Casey Anthony Starts P.I. Firm, Claims She Want to 'Help Other Wrongfully Accused Women': Source
Casey Anthony was acquitted of murdering her daughter Caylee
Casey Anthony raised eyebrows last December when she filed paperwork to open a private investigation company in South Florida -- leading many to speculate why she would want to start a business in the legal field.
Although some news reports have implied that Anthony wants to investigate the 2008 death of her 2-year-old daughter, Caylee, a source close to Anthony says that's not the case. "That's a closed chapter in her life," says the insider. "She's not starting a company to get answers about Caylee."
Anthony was charged with first-degree murder for the 2008 disappearance of Caylee, who hadn't been seen for 31 days before Anthony's mother, Cindy, reported the girl missing. After a massive search for the toddler, her remains were found in a wooded lot less than one-third of a mile from the Anthony family home.
Anthony's 2011 trial was a media circus, with at least 40 million people watching at least some of the testimony, according to Nielsen Research. Anthony was infamously acquitted of murder and manslaughter charges on July 5, 2011 — but convicted of four counts of lying to police.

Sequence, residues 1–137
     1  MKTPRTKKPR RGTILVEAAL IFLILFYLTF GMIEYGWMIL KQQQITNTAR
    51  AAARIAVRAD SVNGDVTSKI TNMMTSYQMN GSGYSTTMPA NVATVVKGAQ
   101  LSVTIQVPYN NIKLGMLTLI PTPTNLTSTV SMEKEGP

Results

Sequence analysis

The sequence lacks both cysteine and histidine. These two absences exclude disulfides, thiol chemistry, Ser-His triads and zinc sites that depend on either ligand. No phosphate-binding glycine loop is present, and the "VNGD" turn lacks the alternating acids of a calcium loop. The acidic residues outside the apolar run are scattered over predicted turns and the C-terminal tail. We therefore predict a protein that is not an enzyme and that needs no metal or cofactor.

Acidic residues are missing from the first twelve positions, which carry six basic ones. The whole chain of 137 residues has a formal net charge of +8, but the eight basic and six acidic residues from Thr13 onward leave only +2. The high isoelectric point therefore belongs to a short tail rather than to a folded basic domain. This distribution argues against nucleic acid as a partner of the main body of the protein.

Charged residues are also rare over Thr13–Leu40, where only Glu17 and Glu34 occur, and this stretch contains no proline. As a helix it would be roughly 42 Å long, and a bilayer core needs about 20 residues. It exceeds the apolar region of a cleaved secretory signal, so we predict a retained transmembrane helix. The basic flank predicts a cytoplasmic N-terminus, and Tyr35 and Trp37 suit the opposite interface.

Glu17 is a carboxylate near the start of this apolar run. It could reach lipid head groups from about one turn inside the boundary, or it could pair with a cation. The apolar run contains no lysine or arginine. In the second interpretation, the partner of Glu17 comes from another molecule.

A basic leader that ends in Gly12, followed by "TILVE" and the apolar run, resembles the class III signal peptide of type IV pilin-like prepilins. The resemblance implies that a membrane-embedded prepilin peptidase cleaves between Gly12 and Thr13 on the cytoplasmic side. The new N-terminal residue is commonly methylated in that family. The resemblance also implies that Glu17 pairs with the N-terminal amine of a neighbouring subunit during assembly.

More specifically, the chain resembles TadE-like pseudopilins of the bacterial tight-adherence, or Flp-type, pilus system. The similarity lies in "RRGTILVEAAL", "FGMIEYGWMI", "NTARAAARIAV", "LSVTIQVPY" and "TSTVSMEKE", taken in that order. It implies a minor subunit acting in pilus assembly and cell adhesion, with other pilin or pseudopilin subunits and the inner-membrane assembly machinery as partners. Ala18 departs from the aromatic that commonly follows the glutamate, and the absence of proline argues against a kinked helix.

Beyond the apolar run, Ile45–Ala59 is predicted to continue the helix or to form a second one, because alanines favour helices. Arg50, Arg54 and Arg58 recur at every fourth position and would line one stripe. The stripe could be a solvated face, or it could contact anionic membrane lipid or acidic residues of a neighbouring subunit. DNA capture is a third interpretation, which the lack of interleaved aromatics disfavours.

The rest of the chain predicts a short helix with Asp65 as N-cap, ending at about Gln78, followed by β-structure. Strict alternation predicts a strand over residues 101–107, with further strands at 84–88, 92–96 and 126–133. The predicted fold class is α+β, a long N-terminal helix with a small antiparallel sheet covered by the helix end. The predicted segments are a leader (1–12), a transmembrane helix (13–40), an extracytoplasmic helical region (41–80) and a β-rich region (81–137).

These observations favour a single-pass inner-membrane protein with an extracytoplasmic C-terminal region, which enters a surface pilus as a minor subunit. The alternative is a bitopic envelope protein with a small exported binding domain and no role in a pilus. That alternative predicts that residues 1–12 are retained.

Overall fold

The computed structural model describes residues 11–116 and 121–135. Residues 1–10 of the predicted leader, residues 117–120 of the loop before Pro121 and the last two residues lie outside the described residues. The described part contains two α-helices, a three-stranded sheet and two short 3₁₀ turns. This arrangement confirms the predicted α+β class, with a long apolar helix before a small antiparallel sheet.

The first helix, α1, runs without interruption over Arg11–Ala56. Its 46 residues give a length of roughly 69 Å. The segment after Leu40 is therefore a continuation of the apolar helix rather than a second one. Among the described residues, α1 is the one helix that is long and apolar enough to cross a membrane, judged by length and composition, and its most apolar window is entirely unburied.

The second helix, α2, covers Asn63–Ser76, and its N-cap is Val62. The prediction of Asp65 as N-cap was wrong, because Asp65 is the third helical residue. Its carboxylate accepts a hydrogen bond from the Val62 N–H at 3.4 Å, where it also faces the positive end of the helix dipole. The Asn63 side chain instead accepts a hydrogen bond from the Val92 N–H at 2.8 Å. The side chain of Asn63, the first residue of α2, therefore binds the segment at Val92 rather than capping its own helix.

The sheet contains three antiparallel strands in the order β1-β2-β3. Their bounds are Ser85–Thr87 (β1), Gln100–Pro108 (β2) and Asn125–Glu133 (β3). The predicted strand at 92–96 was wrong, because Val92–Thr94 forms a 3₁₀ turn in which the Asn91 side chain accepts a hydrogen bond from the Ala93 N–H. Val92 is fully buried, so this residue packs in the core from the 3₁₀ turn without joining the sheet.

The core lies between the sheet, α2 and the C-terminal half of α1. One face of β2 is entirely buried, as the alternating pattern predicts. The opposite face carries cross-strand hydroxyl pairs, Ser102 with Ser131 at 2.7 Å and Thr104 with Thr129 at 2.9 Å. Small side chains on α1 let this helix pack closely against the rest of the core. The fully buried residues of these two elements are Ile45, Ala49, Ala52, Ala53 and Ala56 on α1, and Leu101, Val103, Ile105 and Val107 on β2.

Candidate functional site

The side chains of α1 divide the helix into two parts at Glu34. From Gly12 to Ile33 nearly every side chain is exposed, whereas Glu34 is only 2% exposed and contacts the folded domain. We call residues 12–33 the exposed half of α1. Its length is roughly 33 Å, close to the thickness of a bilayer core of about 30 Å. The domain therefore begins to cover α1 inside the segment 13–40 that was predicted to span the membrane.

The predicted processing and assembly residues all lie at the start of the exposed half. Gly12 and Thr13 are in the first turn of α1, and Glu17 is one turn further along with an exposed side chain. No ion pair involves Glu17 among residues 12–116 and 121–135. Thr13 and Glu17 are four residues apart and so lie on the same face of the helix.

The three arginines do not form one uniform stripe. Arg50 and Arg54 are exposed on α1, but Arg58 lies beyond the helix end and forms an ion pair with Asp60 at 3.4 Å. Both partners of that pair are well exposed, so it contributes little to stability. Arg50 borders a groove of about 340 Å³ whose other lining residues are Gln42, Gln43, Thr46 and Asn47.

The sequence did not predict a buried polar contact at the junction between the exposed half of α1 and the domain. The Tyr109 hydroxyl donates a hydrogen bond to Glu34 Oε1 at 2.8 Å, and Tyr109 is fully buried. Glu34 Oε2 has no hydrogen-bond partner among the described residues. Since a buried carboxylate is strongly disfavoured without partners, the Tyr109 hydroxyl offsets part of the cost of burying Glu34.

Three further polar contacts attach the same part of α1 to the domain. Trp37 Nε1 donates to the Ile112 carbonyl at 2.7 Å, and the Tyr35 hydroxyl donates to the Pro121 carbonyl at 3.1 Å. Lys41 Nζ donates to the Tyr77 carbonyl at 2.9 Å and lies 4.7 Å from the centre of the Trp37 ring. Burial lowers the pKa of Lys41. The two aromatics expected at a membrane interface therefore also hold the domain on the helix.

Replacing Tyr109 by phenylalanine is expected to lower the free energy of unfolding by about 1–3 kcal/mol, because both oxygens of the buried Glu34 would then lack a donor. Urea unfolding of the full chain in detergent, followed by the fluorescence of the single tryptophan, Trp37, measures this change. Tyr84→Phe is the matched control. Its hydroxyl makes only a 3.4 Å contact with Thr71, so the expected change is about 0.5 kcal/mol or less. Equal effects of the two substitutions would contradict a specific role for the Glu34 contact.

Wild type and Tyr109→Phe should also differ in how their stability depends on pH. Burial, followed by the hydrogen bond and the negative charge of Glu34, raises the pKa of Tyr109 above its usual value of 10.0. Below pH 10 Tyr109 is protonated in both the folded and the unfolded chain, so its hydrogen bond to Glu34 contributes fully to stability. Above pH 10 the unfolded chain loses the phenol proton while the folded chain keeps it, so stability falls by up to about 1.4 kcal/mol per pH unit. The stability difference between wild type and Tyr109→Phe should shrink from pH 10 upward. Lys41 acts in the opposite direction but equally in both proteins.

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After her acquittal, she was described by a Florida Department of Corrections spokeswoman as "one of the most hated women in America" — a moniker that stuck.
But now, Anthony, 34, is starting a new venture. Last December, she filed documents listing herself as a registered agent of Case Research & Consulting Services, LLC.
The business is registered to a home in West Palm Beach owned by Patrick McKenna, who was Anthony's lead investigator for her defense team in her 2011 trial. According to state records, she does not have a Florida private investigator's license -- and as a convicted felon, she will not be able to obtain one.
The source tells PEOPLE that Anthony wants to help other people who are facing serious legal charges -- and that she continues to maintain her own innocence in Caylee's death.
"She knows what it's like to be accused of something that she didn't do," the source says. "She wants to help other wrongfully accused people, especially women, and help them get justice."
The source acknowledges that Anthony has not been retained by any clients, nor has she come up with a plan for her new incorporation. "It's in the very early stages," says the source. "She has big plans for her future, and hopes that it will change how people see her."
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